Art Melody, the Burkina Faso-based gruff-voiced emcee who also completes the high-octane duo Waga3000, came to my attention through the group’s 2012 song entitled “Dal fo yikin bao”, which translates to “remain strong and feisty”. Their furious spit-fire flow, reminiscent of what had attracted me to Senegalese emcees, invited me into their world. Then a bit over a […]
10 new music videos to finish this week of blogging. Here’s a first video by photographer and graphic designer Laurent Seroussi for Salif Keita’s new Tale album, produced by Gotan Project’s Philippe Cohen-Solal: Vimeo clip above. (The YouTube version of the clip seems not to be available everywhere. Weird Record Label Thinking.) Next, a glorious video for […]
Hello! Boima here, and I’m back helping out with the Friday music break. A Haitian Rara (not Ornette Coleman) sampling rap/poem by Hyperdub affiliate The Spaceape got me excited this week, so that’s my lead off pick — above! Not only do the U.S. and China have political happenings this month, but Sierra Leoneans go […]
The rapper Awadi was a founder of a Senegalese’s brand of political hip hop. As ‘kola wrote on this blog, Awadi was at the forefront of a 1990s social movement that helped to galvanize a youthful constituency to help elect Abdoulaye Wade as the new president in 2000. “Of course, after [Wade] got the presidency, […]
Senegalese griot singer Coumba Gawlo Seck is a rising star both in her native country and in Europe. People also occasionally ask her about her political opinions. What makes Coumba Gawlo interesting is that she is a supporter of embattled Senegalese President Abdoulaye Wade. (He is so unpopular that he has been forced to face […]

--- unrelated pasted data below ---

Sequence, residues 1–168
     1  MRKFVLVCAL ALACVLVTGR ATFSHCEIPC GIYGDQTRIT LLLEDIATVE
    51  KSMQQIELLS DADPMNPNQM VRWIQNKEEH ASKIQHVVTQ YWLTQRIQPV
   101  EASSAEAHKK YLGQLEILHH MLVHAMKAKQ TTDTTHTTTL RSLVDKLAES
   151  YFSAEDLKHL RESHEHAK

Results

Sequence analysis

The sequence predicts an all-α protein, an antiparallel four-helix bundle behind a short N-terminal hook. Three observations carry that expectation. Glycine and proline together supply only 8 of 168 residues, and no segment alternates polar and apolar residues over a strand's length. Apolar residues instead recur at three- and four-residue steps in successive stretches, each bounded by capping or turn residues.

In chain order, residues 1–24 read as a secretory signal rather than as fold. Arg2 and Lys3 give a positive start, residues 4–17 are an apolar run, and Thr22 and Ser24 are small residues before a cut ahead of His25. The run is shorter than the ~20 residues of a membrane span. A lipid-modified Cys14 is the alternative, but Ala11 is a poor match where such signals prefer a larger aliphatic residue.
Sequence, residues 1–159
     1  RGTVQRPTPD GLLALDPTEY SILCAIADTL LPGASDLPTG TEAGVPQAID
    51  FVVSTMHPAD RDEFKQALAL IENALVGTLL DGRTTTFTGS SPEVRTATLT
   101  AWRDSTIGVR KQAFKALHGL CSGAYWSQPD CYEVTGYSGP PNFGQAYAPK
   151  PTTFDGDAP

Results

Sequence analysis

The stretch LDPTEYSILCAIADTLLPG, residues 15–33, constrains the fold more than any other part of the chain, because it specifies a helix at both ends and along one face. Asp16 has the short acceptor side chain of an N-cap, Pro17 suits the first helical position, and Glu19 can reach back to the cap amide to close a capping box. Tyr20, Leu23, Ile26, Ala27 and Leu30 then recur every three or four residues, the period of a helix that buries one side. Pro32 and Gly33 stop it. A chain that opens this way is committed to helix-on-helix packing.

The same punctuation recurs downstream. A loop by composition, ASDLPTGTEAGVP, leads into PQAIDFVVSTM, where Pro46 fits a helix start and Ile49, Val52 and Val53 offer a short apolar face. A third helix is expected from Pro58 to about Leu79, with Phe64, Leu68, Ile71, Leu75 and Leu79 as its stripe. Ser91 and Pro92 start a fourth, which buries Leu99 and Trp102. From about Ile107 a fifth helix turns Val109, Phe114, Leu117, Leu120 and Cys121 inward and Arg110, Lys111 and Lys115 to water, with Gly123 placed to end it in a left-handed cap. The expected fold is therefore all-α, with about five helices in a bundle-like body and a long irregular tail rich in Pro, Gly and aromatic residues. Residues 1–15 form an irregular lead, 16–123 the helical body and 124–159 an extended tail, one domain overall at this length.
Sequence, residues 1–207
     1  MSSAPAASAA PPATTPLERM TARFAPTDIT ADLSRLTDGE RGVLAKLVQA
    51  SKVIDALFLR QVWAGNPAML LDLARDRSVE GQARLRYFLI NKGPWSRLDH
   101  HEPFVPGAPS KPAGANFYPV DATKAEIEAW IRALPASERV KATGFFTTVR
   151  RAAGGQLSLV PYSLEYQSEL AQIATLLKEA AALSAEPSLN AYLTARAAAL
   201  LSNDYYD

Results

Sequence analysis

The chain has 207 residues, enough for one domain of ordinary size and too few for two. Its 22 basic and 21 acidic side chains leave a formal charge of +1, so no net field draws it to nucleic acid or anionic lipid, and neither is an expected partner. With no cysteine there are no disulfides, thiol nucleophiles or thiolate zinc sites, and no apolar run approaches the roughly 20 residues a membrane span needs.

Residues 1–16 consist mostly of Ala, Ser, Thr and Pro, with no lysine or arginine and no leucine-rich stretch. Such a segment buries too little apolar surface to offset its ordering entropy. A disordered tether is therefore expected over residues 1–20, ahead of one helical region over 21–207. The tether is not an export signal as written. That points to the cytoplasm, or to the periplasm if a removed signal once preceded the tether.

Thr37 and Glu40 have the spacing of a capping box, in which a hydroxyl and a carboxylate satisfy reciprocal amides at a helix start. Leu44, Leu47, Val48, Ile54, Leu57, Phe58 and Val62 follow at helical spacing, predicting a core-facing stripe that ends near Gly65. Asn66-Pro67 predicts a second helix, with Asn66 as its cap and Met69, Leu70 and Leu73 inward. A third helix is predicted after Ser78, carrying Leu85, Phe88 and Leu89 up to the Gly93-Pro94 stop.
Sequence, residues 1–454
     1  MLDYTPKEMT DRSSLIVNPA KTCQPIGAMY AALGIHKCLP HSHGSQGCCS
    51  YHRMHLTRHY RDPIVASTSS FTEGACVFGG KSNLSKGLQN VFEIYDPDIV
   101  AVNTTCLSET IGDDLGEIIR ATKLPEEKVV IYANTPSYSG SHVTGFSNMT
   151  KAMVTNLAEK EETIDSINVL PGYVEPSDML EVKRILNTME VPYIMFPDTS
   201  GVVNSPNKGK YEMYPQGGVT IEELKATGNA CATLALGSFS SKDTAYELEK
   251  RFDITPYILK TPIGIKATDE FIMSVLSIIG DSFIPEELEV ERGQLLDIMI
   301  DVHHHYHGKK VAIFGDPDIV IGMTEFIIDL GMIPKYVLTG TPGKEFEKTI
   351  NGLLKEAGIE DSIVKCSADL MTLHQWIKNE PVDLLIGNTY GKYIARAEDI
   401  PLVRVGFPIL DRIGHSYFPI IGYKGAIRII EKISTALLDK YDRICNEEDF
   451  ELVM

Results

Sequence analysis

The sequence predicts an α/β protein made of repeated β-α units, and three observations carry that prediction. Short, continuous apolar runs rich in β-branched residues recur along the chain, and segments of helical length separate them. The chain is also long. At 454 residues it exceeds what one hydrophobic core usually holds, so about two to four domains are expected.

One decisive factor is N’dour’s shaky relationship to traditional Sufi religious authorities who have some sway in electoral politics. (Wade is very deferential to them.) In the past N’dour has riled them. In the most famous case, in 2004 N’dour recorded an album, “Egypt,” of Sufi Islamic praise music with the Egyptian national orchestra. The album won him a Grammy, but it was controversial in Senegal. (The album controversy forms the heart of the 2008 documentary “I Bring What I Love” — including objections by some Senegalese that the filmmakers film holy sites and religious rituals.) I wonder if N’dour has lived that down.
Today is Senegal’s independence day. Carlou D transformed himself from the rapper he was in Didier Awadi’s band Positive Black Soul to the singer-songwriter (supporting for Youssou N’Dour) he is these days, and did so in style. Although we’re still waiting for his new album ‘Audiovisa’ to come out, this song, ‘Ligueye’, should be on […]